1. Remember that US gallons are smaller than UK gallons. And the testing regime is different.

      Add 20% to get a rough approximation of fuel economy rates that translate to UK figures.

  3. On the subject of the Mondeo in the UK, seem to recall (via the Mondeo episode on the Grand Tour) it was due to changes in company car / fleet market regulations which were the catalyst for the decline of the Mondeo under Tony Blair though not sure what year the changes happened nor of the specific law in question.

  4. I discovered the MKZ on YouTube a few weeks ago and it has its attractions. Being a fan of sunroofs, I was particularly taken with the one fitted to this car which is the biggest glass sliding roof on any car so that it overhangs the rear screen when fully open. If I lived in the states or Georgia (where hybrids have significant tax advantages) I’d buy one.

  5. It would indeed have been interesting to see how Lincoln might have fared in Europe, but Ford probably took a look at GM’s many ill-starred attempts with Cadillac and drew the right conclusion.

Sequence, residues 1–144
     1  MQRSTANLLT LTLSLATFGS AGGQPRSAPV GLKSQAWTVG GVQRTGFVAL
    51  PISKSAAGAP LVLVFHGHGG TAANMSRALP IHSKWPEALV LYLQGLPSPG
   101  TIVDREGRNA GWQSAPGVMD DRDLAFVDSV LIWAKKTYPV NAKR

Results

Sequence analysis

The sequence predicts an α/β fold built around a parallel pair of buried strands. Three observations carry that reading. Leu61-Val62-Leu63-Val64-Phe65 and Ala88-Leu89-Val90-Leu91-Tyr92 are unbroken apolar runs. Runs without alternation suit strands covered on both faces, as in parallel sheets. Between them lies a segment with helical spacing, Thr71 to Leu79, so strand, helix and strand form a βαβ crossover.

1. Perhaps the idea might have been to sell the Lincoln instead of the Mondeo.
      While I am always fond of Opel´s entrants in the C-D market, I must admit that the current Mondeo is growing on me. Like the Insignia, it is bloody huge though. Leaving aside all the other details about branding and tax regulation, a simple fact might be that there are not enough consumers prepared to have a 5 metre car on their drive even if they could afford one. I for one never buy Coke in 1.5 litre bottles and I generally avoid the 330 ml cans but if there was a 75 ml can for near the same price as the 330 ml can I´d have that. That´s all I want. And by the same token, maybe Ford and Opel miss something by not selling the very best 4.6 metre saloon/hatch they can. And cut 5% off the width as well. They don´t though. They offer you S-Max and Zafira and Mondeo and Insignia once you´ve decided a Focus or Astra hatch is not grand enough. I don´t really want something that big, nice and all as both cars are.

      By the way, for Irish people of a certain age, Lincoln is a name associated with a US president and also a dimpled biscuit of dubious merit.

    2. Ah, Jacobs Lincoln biscuits…I remember them well. Were they peculiar to Ireland?

    3. Lincoln seem to be a class of shortbread biscuit. They exist in other places. However, they are thriving in Ireland. I don´t know why. They aren´t up to much. And they are made with palm oil so they are a double no-no.